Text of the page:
Discovery of molecular origins of a heart beat

Researchers have discovered the molecular origins of the heart beat. They have found the proteins that make up tiny sodium channels in the tissues of the heart that can help generate the heart beats. The results of the study titled, “Structure of the Cardiac Sodium Channel” was published yesterday 19th of December 2019 in the journal Cell.

Cardiac sodium channel structure cartoon with binding of the antiarrhythmic drug flecainide shown as yellow sticks. The channel drawing is superimposed over a heart image. The electrocardiogram
Cardiac sodium channel structure cartoon with binding of the antiarrhythmic drug flecainide shown as yellow sticks. The channel drawing is superimposed over a heart image. The electrocardiogram's chaotic atrial fibrillation signals (left) shift into a normal rhythm (right). Image Credit: Catterall and Zheng labs at UW Medicine

The team of researchers from the University Of Washington School Of Medicine explained that this is the first time that the generation of the electric signals within the heart has been described in such details. William Catterall and Ning Zheng, the senior authors of the study are both professors of pharmacology and the first authors of the study are Daohau Jiang and Hui Shi who are pursuing postdoctoral fellowships in pharmacology. They also added that this finding can lay the foundation for several studies that may help understand and diagnose heart rhythm disorders and also help develop drugs for these diseases.

Catterall said in a statement, “The cardiac sodium channel not only initiates the heartbeat, mutations in it also cause deadly arrhythmias, and antiarrhythmic drugs act directly on it to control cardiac rhythms.” The professors said that every heart beat generated in the sino atrial node of the heart is actually an electrical impulse. It can travel across the heart muscles in a coordinated manner so that the heart fills up with blood and is able to pump it out in synchrony. At the molecular level in the membranes of the cardiac cells there are tiny pores that regulate the movement of charged ions such as sodium, potassium, chloride etc. across the membranes.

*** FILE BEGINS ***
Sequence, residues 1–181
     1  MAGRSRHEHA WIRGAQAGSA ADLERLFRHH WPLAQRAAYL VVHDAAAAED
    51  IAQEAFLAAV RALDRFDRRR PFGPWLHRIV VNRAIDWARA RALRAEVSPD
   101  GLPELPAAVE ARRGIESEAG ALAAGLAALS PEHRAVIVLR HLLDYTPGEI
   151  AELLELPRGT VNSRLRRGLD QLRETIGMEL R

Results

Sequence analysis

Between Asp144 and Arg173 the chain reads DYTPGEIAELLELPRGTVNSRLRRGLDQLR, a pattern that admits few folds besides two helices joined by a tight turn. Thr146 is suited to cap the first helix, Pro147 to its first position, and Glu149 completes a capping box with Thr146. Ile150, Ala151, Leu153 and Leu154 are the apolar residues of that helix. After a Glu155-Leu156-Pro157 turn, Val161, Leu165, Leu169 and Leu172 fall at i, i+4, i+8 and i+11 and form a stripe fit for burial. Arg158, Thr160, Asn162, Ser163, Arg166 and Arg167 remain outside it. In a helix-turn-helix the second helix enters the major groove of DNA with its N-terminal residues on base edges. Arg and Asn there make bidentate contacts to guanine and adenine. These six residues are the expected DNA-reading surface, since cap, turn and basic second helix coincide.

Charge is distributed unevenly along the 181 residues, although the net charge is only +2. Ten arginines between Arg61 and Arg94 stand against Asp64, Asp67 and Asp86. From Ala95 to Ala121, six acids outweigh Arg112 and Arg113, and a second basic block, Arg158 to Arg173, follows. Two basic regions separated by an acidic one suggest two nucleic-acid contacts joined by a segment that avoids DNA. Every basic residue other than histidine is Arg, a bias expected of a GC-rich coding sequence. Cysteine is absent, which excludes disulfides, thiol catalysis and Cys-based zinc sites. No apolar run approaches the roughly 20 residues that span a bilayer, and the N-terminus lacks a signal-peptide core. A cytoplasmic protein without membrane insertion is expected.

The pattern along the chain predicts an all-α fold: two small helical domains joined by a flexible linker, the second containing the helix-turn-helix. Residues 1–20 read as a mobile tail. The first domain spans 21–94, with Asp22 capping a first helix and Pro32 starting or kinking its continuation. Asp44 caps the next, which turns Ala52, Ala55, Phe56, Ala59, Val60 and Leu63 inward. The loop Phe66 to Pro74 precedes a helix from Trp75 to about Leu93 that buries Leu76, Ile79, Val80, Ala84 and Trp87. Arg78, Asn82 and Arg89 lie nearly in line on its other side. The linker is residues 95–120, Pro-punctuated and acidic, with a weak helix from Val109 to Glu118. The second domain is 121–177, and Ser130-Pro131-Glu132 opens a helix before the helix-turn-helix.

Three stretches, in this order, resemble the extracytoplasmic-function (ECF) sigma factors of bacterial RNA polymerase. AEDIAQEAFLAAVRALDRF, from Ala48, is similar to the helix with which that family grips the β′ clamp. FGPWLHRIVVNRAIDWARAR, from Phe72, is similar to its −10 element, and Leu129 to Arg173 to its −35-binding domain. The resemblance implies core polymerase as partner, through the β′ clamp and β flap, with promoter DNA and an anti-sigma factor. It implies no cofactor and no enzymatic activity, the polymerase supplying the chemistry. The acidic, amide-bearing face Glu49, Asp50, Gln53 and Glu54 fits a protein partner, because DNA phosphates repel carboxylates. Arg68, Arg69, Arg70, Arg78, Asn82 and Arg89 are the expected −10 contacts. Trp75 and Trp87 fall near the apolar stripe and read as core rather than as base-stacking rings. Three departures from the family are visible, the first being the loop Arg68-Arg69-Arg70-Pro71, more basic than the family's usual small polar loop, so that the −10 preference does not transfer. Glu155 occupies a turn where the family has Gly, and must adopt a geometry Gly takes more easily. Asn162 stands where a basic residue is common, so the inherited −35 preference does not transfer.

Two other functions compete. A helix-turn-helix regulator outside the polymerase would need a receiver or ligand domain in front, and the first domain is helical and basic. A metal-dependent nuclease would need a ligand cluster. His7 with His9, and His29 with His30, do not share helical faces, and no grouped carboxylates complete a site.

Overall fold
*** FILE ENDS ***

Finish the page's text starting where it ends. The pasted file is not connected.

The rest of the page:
This study reveals that sodium ions can pass through these pores made up of tiny proteins and connect the outside and inside of the cell membranes. They found that a toxin – puffer fish toxin (Tetrodotoxin), is capable of working on the sodium channels of the nerves and muscles but is incapable of stopping the sodium channels of the heart. Zheng explained, “Sodium channels operate in concert with calcium channels and potassium channels to drive the heartbeat at a consistent frequency for our entire lives.” He said that if these sodium channels do not function as they should there can be problems of heart rhythms that can sometimes be life threatening. They called these channels NaV (Latin abbreviation for sodium, V for voltage) 1.5 channel. They wrote that if the NaV channels were not formed correctly due to mutations, there could be life threatening arrhythmias leading to sudden deaths in children, adults and sportspersons.